United Rugby Championship Power Rankings - Round 1, Italians On The Rise

United Rugby Championship Power Rankings - Round 1, Italians On The Rise

It’s good to be back! The United Rugby Championship returned to our screens this weekend with end-to-end action across all seven fixtures. See the rankings.

Sep 19, 2022 by RugbyPass
United Rugby Championship Power Rankings - Round 1, Italians On The Rise

It’s good to be back! The United Rugby Championship returned to our screens this weekend with end-to-end action across all seven fixtures.

Getting proceedings underway was an Italian renaissance of sorts, as Benetton thumped Glasgow to open its account on a positive note. 

This set the scene for several perceived underdogs pushing their more fancied opponents all the way and, as such, saw plenty of movement on this rankings list.

Without further ado, let’s get to it and see where the teams shake out after the round. 

*Note the Sharks and Stormers both were on a bye, so they don’t feature this week.

1. Leinster 

Missing the bulk of its Irish internationals, Leinster was drawn into one heck of a battle with Zebre. 

Starting strong and racing to a 21-0 lead, Leinster switched off. Ultimately, they scraped home courtesy of Ross Byrne’s accuracy from the kicking tee, which proved to be the difference.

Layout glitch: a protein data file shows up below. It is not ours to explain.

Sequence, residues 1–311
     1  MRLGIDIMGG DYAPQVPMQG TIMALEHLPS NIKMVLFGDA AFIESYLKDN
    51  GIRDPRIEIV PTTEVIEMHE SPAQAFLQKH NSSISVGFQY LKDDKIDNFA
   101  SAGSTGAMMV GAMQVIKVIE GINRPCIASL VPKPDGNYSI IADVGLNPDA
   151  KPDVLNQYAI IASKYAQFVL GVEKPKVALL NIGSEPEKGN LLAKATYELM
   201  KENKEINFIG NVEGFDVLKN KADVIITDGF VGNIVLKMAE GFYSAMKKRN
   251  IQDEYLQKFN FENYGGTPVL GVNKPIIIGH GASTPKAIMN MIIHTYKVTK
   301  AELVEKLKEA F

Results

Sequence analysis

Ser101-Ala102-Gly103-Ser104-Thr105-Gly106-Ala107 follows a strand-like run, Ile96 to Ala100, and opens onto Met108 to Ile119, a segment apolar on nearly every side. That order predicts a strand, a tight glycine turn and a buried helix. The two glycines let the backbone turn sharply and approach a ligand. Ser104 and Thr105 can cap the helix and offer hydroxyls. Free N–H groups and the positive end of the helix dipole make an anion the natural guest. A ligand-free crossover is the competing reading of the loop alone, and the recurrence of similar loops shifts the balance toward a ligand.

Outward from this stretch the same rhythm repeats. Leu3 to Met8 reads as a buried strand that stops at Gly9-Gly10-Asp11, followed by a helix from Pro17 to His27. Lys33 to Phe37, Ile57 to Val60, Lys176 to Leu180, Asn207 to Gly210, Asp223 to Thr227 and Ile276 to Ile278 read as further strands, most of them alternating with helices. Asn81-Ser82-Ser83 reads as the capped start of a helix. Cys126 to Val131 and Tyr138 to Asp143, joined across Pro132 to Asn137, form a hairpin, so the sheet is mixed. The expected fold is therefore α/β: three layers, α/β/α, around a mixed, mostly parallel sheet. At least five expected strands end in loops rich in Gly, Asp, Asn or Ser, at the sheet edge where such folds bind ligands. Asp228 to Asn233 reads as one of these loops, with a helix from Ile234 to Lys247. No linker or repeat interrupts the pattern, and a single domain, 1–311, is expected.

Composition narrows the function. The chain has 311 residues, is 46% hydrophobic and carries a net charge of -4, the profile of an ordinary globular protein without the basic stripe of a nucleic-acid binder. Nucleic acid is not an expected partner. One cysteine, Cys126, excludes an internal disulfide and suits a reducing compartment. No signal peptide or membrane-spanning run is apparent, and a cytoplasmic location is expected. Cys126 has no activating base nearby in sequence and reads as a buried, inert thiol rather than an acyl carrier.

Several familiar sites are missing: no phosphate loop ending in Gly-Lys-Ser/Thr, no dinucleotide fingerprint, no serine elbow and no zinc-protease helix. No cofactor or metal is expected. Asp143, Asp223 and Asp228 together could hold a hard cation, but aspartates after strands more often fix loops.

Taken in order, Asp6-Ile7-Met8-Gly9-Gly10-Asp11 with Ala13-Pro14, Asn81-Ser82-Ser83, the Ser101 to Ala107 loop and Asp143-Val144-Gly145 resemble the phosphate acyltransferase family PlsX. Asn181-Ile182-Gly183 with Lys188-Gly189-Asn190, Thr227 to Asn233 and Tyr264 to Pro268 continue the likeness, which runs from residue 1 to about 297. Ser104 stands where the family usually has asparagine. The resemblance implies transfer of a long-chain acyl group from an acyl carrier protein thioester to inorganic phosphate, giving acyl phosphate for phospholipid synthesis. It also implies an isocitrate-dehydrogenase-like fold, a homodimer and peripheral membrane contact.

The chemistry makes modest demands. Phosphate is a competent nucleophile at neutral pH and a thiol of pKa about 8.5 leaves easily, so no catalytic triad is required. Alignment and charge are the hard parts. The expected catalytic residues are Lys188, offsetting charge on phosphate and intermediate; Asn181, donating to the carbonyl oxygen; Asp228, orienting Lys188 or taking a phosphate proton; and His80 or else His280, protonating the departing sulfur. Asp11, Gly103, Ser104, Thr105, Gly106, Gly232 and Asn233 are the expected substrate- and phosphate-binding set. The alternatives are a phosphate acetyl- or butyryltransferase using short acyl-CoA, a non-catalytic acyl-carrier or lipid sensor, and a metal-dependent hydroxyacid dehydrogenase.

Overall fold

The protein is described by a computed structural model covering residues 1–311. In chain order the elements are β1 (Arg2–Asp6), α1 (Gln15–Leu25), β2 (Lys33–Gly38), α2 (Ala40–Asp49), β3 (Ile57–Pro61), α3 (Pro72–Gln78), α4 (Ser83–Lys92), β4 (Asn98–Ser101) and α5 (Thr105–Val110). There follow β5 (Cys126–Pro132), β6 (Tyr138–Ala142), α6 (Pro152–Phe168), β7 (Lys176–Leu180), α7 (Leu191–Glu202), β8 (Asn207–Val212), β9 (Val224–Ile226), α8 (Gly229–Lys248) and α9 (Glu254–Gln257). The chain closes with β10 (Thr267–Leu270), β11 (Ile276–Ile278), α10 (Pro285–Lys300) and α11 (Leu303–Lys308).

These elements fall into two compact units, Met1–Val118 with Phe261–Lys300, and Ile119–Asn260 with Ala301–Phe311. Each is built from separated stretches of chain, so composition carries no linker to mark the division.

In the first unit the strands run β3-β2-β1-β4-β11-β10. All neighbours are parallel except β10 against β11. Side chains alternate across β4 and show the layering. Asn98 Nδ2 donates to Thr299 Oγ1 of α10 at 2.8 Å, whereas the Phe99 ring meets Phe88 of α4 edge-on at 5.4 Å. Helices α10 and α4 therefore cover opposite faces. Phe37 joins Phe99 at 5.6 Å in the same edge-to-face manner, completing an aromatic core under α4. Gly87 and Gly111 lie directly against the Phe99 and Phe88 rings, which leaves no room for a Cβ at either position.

Had they not emerged with the win, they would’ve had a slip in the rankings, so this position is somewhat of projection in a way. 

Leinster still won and has luxury of welcoming back a large number of international standard, and in some instance’s, world-class players. 

An interesting side note, this is the first time since 2017 Leinster does not have a trophy to defend, highlighting just how dominant the team has been in European rugby.

2. Ulster

Very much the 1B to Leinster’s first position, simply put, Ulster was impeccable in Round 1, brushing Connacht aside with ease. 

Dan McFarland has perhaps not gotten the credit he deserves for the progress Ulster has made under his tutelage. 

Regularly overshadowed by the brilliance of Leinster, Ulster is building. Play like they did in Round 1, and few teams will be able to compete with them this season. 

3. Blue Bulls 

Power personified was a statement on display inside the first three minutes as they pummeled the Lions en-route to their first try of the season. 

The score came from a typical Bulls source, as they took a quick tap penalty and simply bulldozed the Lions defense. 

Jake White’s side plays with a distinct similarity to his Bok sides of the mid 2000s physical - dominance from a quick ruck game, with quick-strike runners coming onto the ball.